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Quick Facts

Laryngeal Cancer

By

The Manual's Editorial Staff

Last full review/revision May 2020| Content last modified May 2020
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Your larynx is often called your voice box because it holds the vocal cords that help you make sounds. The larynx makes the bump you can see and feel in the middle of your neck. Some people call that bump the "Adam's apple."

What is laryngeal cancer?

Laryngeal cancer is cancer that’s in your larynx.

  • Symptoms include hoarseness in your voice that doesn’t go away, a lump in your neck, and later on breathing and swallowing problems

  • It’s the most common head and neck cancer

  • Laryngeal cancer is more common in men than in women, especially men over 60

  • Smoking and drinking a lot of alcohol raise your chance of getting laryngeal cancer

See a doctor if you’ve had hoarseness that’s lasted for more than 2 to 3 weeks.

Locating the Larynx

Locating the Larynx

What causes laryngeal cancer?

Doctors don’t always know what causes laryngeal cancer, but the biggest risk factor is:

  • Smoking

Nearly everyone who gets laryngeal cancer is, or was, a smoker.

The chance of getting laryngeal cancer is also higher if you:

  • Are a man, especially if you're over 60

  • Drank a lot of alcohol for a long time

What are the symptoms of laryngeal cancer?

The symptoms of laryngeal cancer are:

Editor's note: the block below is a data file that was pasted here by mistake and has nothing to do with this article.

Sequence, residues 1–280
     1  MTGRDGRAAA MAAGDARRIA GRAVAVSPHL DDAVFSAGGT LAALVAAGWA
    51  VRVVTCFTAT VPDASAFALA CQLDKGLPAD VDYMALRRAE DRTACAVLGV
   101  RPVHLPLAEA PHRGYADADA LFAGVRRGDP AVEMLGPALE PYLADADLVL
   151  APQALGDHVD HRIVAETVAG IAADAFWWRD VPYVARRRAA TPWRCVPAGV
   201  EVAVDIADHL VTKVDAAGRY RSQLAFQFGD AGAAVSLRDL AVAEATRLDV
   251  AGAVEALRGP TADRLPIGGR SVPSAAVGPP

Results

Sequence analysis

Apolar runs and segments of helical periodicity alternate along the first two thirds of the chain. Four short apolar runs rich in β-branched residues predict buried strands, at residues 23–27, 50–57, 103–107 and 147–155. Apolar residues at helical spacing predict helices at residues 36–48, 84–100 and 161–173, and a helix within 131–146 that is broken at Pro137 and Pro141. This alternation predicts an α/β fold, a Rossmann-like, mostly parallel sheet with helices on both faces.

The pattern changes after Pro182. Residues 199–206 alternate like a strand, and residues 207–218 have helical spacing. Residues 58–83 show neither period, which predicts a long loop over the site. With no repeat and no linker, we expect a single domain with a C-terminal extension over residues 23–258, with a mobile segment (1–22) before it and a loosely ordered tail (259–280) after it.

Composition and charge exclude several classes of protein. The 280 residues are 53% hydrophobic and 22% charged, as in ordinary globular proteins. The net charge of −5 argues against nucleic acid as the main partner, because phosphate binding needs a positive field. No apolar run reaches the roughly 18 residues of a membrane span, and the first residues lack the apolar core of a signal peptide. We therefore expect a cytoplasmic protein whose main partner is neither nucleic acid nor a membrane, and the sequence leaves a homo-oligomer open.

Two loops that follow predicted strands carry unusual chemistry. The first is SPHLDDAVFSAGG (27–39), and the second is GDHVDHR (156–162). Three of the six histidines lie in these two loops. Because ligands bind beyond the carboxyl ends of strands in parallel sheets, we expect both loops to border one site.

• A hoarse voice (or a change in your voice) that doesn’t go away after a few weeks

  • Throat or ear pain

  • A lump in your neck

  • Trouble breathing and swallowing

How can doctors tell if I have laryngeal cancer?

Doctors can tell if you have laryngeal cancer by examining your larynx. They'll put a thin, flexible viewing tube into your mouth.

Doctors may also do a biopsy (remove a sample of your tissue for testing). A biopsy is usually done in an operating room while you're asleep under general anesthesia.

If you have laryngeal cancer, doctors will see if your cancer has spread to other parts of your body by doing tests such as:

How do doctors treat laryngeal cancer?

Treatment depends on how much the cancer has grown and spread.

Doctors treat early-stage cancer with one of the following:

  • Laser microsurgery (using a high energy beam of light to cut out the cancer)

  • Radiation therapy, especially if the cancer is on your vocal cords

These treatments usually don’t affect your voice.

Doctors treat more advanced cancer with a combination of treatments, such as:

  • Surgery plus radiation therapy, if doctors think surgery can remove all the cancer

  • Radiation plus chemotherapy, if doctors think the cancer is too big to remove with surgery—this usually doesn’t cure the cancer but it can shrink the cancer and lessen pain

Side effects of treatment

Almost all treatments for laryngeal cancer have side effects.

Surgery done for advanced cancer sometimes removes all or a large part of your larynx. If your larynx is removed, there are methods to help you speak without vocal cords.

Radiation to your neck may cause:

  • Red, itchy skin

  • Loss of taste

  • Dry mouth

  • Trouble swallowing

  • Dental problems, if your teeth were exposed to radiation

If you have trouble swallowing after treatment, doctors may need to stretch open your esophagus. The esophagus is the food pipe that carries food from your mouth to your stomach.

NOTE: This is the Consumer Version. DOCTORS: Click here for the Professional Version
Click here for the Professional Version
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